Lawful disability discrimination


Lawful disability discrimination

The acknowledged discrimination against a prospective employee because he had an impairment was considered lawful because there was a risk the employee could become permanently incapacitated as a result of the work in the future.


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The acknowledged discrimination against a prospective employee because he had an impairment was considered lawful because there was a risk the employee could become permanently incapacitated as a result of the work in the future.


The complainant had been involved in a serious motor vehicle accident on his way to work which caused permanent injury to his wrists and lower forearms. After rehabilitation and a brief return to his previous position the complainant completed a course to gain entry into the timber industry. The course included some practical work with which the complainant had no difficulty (Osborne v CSR Timber Products; Equal Opportunity Tribunal (SA); No 210 of 1997).

The complainant applied for a position with the employer at their Mount Gambier mill and because he had completed the timber industry entry course, he was not required to undertake an interview. He was however, required to undertake a functional capacity evaluation and medical examination prior to being offered employment. It was not until these tests were completed that he was informed that he would not be offered a position.

The complainant lodged a complaint of discrimination on the grounds of impairment with the Commissioner for Equal Opportunity in South Australia who formed the opinion that the complaint lacked substance. However, the complainant required the Commissioner to refer the complaint to the Equal Opportunity Tribunal in the State.

Tribunal decision

The Tribunal was satisfied that "given that [the complainant] had successfully completed the 20 week entry course and that the company had positions available in its mill, he would, but for those injuries, have been offered employment in the mill." It was found the complainant was treated less favourably than a person without such injuries.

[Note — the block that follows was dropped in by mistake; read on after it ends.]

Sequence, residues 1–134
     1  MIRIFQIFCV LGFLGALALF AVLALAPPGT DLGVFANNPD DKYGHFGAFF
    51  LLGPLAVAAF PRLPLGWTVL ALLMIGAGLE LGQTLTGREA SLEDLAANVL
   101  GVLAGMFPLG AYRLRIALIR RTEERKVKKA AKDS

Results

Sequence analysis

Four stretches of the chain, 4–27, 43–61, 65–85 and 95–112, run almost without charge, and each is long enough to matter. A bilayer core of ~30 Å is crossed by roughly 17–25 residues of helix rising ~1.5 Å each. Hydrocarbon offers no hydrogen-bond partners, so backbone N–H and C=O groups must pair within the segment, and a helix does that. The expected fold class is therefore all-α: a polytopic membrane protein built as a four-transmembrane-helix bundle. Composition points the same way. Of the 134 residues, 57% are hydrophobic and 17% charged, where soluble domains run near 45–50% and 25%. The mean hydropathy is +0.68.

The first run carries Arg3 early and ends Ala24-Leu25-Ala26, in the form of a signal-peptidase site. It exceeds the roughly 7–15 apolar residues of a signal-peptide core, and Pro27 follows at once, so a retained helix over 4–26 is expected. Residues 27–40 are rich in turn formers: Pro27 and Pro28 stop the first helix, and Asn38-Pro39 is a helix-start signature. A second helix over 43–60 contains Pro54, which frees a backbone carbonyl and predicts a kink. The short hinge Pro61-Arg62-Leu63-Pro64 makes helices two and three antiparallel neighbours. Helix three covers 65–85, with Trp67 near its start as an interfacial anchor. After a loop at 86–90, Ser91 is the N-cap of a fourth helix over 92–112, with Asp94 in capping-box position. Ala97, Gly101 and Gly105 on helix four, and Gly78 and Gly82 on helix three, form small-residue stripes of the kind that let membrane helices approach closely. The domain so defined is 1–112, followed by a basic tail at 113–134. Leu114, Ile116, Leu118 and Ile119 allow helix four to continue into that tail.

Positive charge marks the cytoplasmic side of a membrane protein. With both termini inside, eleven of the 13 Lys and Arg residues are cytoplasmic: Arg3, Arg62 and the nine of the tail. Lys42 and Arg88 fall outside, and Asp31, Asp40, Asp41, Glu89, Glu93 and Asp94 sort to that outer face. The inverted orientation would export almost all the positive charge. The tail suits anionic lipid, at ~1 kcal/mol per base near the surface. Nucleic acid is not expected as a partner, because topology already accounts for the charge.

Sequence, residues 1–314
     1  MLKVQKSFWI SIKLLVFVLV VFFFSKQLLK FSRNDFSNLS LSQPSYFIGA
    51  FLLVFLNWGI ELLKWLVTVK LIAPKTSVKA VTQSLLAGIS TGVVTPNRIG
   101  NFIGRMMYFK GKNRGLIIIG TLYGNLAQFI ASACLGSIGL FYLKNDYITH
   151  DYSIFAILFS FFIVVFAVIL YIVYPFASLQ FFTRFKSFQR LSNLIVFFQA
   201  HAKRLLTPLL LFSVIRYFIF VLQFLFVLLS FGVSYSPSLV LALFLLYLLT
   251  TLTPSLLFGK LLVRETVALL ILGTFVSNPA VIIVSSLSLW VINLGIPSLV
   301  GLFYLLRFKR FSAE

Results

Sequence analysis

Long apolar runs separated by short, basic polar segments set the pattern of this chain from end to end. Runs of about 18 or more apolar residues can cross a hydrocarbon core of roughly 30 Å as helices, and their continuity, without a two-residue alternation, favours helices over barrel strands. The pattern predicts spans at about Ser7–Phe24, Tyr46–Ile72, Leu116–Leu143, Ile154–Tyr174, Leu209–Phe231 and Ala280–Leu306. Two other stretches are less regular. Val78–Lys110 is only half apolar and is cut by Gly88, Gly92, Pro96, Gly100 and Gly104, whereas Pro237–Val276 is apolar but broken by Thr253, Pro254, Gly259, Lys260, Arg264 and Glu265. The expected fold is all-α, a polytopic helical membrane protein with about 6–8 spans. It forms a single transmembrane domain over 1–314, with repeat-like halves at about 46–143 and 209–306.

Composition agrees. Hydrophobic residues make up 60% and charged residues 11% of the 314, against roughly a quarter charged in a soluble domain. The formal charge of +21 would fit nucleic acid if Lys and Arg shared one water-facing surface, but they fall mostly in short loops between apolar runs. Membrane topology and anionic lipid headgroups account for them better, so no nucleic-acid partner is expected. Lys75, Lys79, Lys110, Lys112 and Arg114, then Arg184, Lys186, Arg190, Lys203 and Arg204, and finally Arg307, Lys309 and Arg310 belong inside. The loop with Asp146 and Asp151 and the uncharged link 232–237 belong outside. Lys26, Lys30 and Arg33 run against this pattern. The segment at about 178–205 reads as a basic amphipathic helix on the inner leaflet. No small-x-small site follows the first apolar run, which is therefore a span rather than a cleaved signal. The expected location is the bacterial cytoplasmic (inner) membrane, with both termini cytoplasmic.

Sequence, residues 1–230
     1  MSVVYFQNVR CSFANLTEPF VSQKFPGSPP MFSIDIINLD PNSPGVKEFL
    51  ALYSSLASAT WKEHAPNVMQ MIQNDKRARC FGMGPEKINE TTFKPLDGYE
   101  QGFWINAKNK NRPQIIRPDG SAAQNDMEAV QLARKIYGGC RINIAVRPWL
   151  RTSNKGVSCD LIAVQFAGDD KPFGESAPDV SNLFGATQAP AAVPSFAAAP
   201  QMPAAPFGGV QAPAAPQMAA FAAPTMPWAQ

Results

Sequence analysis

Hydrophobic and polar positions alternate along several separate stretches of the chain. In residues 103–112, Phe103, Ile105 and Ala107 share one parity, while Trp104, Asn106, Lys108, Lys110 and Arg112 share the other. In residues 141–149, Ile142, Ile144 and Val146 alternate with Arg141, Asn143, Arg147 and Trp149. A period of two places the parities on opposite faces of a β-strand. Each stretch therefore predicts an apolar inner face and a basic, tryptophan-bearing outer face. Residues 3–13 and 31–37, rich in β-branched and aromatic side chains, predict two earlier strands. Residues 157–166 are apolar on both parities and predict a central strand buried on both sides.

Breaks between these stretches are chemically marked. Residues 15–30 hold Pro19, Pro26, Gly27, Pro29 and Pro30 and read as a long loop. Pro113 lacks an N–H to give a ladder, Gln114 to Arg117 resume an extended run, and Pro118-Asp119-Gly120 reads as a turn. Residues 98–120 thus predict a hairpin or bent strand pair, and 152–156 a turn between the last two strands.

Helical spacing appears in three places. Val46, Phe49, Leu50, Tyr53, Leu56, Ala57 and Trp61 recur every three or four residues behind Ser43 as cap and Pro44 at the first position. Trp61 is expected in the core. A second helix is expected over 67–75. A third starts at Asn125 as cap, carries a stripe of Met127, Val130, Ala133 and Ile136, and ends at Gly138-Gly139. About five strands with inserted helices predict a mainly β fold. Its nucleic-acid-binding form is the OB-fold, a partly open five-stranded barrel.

Although the Tribunal found that the employer discriminated against the complainant on the basis of his impairment, it was submitted by the employer that the Tribunal consider whether such discrimination was unlawful with regard to s71of the South Australian Equal Opportunity Act 1984which provides for exemptions. Section 71(2) states:

"71(2) This Division does not apply to discrimination on the ground of impairment in relation to employment if the person suffering from the impairment is not, or would not be able –

"(a) to perform adequately, and without endangering himself or herself or other persons, the work genuinely and reasonably required for the employment or position in question; or

"(b) to respond adequately to situations of emergency that should reasonably be anticipated in connection with the employment or position in question."

It should be noted that the related provisions in the federal and New South Wales legislation rely on whether the person with the disability can perform the inherent requirements of the job.

To determine this matter the Tribunal considered the evidence of two of the medical experts who examined the complainant. The experts gave evidence that the complainant was "able to undertake and adequately discharge all work which would be required of him were he employed as a millhand." The Tribunal accepted this point however noted that both had concerns about the future effects of the work on the complainant.

A large part of the job involves rotating boards that can weigh up to 10kgs or more and vary in length between 0.9m and 6m. It is this rotating action that the medical experts felt could cause the complainant, over time, permanent injury. It was stated that although "a system of rotation is used in the mill, these actions can continue for hours and are most repetitious. They place a special strain on the wrists and forearms of the worker, and have the capacity to inflict a form of repetitive strain injury, even upon workers who have no pre-existing injury."

One of the experts stated, "should [the complainant] be employed in the mill and undertake these duties, there is a substantial risk that the repetitive nature of these activities will injure him, possibly permanently and substantially."

The Tribunal asked the question, in the context of s72(1) of the Act, "whether the risk that [the complainant] would injure himself is of such a nature that he would endanger himself."

The Tribunal held:

"On the evidence before us, the risk relates to an injury to [the complainant’s] wrist and forearms of such a nature as to substantially incapacitate him, possibly on a permanent basis. Thus we have come to the conclusion that, although we are satisfied that [the complainant] would have been able in September, 1996, to work satisfactorily in the mill, he would not have been able to adequately perform the work genuinely and reasonably required ‘without endangering himself’."

The Tribunal found that the employer had lawfully discriminated against the complainant. The complaint was dismissed.


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